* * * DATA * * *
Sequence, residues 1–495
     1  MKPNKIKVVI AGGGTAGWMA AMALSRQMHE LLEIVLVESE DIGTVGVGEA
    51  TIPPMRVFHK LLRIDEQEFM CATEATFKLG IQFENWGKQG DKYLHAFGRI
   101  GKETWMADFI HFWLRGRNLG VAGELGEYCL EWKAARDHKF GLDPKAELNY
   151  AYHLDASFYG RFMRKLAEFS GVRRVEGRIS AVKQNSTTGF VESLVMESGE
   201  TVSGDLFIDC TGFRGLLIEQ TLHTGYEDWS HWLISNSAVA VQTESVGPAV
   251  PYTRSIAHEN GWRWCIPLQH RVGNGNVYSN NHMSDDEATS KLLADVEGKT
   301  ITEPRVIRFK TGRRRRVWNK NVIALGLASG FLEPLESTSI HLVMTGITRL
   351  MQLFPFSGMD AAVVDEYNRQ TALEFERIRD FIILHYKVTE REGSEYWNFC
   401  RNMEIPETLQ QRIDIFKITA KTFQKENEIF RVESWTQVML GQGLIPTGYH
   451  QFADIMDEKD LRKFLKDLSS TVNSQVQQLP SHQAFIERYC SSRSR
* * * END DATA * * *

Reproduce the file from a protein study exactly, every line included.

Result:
Sequence, residues 1–495
     1  MKPNKIKVVI AGGGTAGWMA AMALSRQMHE LLEIVLVESE DIGTVGVGEA
    51  TIPPMRVFHK LLRIDEQEFM CATEATFKLG IQFENWGKQG DKYLHAFGRI
   101  GKETWMADFI HFWLRGRNLG VAGELGEYCL EWKAARDHKF GLDPKAELNY
   151  AYHLDASFYG RFMRKLAEFS GVRRVEGRIS AVKQNSTTGF VESLVMESGE
   201  TVSGDLFIDC TGFRGLLIEQ TLHTGYEDWS HWLISNSAVA VQTESVGPAV
   251  PYTRSIAHEN GWRWCIPLQH RVGNGNVYSN NHMSDDEATS KLLADVEGKT
   301  ITEPRVIRFK TGRRRRVWNK NVIALGLASG FLEPLESTSI HLVMTGITRL
   351  MQLFPFSGMD AAVVDEYNRQ TALEFERIRD FIILHYKVTE REGSEYWNFC
   401  RNMEIPETLQ QRIDIFKITA KTFQKENEIF RVESWTQVML GQGLIPTGYH
   451  QFADIMDEKD LRKFLKDLSS TVNSQVQQLP SHQAFIERYC SSRSR